Did you know only six crore MSMEs in India account for 29 per cent of the Gross Domestic Product (GDP) and 11 crore jobs, albeit with less than two per cent automation of supply chain financing? What does it take to keep the manufacturing supply chain moving so that 1.3 billion Indians continue to receive the goods that they need just in time? What is the oxygen that repeatedly fuels manufacturing to ensure that goods continue to flow through the supply chain?
The just-in-time (JIT) supply chain model runs on JIT payments and virtually automates agility, innovation, and efficiency in manufacturing.
The Proof is in the Pudding: Implications of Low Supply Chain Financing Automation
Delayed payments choke MSME suppliers and bring the supply chain to a grinding halt, and adversely affects everyone dependent on them. The concurrent drop of MSME earnings by 20-50 per cent and the decline in India’s Manufacturing PMI Index to 50.6 during the COVID-19 pandemic prove the same.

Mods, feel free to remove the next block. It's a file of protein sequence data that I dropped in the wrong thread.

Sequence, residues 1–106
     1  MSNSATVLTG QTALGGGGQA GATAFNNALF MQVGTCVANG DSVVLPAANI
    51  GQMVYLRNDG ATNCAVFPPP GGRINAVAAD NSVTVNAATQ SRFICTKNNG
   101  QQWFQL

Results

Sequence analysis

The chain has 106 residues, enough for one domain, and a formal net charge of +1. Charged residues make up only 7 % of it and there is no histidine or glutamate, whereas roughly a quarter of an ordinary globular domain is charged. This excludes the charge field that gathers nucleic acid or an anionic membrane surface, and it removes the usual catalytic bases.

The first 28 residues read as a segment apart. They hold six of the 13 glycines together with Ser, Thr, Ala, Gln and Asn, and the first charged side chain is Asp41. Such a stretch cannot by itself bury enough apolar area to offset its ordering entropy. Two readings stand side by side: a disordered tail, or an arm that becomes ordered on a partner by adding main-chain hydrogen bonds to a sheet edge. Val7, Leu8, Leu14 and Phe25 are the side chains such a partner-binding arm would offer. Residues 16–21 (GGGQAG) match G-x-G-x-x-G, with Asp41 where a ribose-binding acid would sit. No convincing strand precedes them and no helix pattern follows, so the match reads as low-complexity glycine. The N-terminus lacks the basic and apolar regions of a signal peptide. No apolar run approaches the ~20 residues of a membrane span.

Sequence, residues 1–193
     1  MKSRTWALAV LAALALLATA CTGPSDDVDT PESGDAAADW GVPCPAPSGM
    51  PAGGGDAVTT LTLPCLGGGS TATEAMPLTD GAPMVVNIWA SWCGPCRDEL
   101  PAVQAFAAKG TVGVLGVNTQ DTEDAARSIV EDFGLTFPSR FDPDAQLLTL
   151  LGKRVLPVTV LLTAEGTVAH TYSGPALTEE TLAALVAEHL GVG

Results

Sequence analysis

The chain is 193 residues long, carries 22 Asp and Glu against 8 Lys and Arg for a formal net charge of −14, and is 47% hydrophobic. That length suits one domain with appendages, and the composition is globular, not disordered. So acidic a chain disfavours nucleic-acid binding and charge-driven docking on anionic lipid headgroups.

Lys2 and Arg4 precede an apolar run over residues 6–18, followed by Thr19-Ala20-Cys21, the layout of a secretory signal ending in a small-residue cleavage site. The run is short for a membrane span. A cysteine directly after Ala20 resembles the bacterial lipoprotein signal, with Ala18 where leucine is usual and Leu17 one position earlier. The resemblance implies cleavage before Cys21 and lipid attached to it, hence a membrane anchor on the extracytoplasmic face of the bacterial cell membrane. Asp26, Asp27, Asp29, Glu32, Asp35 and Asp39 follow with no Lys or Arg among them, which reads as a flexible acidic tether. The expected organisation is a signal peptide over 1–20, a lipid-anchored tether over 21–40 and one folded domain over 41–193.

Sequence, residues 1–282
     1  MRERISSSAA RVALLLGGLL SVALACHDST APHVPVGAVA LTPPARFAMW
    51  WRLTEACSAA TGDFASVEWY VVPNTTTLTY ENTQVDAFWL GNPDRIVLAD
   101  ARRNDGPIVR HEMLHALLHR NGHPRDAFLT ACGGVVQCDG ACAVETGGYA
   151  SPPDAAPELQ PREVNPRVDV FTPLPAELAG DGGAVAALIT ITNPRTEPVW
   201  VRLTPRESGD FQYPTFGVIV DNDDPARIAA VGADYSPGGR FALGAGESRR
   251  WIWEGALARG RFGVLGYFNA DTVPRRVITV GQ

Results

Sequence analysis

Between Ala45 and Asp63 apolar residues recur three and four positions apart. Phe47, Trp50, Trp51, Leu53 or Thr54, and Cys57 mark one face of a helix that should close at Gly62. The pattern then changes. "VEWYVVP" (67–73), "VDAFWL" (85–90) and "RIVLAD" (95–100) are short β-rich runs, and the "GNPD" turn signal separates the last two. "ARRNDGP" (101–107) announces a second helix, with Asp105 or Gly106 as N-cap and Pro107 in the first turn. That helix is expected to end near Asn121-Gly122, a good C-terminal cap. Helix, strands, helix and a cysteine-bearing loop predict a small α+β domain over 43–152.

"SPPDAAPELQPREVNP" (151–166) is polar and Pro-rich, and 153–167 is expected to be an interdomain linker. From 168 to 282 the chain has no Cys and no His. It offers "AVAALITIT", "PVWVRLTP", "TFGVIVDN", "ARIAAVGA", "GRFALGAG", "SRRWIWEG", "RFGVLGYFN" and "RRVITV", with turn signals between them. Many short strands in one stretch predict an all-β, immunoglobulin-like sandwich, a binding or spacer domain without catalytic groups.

Why are MSME suppliers yet to benefit from supply chain finance automation?
MSMEs in India have an offline legacy and have been historically underserved by technology. Supply chain financing automation in emerging economies, including India, is in stages of infancy. Any technology solution must first prove to MSMEs what is wrong with offline credit platforms and processes before enrolling them into a digital working capital ecosystem.
Lack of digital identity of MSMEs and low levels of automation in transactions
Technology enablement in India’s manufacturing sector is at less than two per cent. The lack of digital identity of MSMEs and offline transactions means that there is no accurate data available to assess MSME suppliers for credit underwriting purposes. Therefore, any digital supply chain financing platform will have to invest in product development and market development.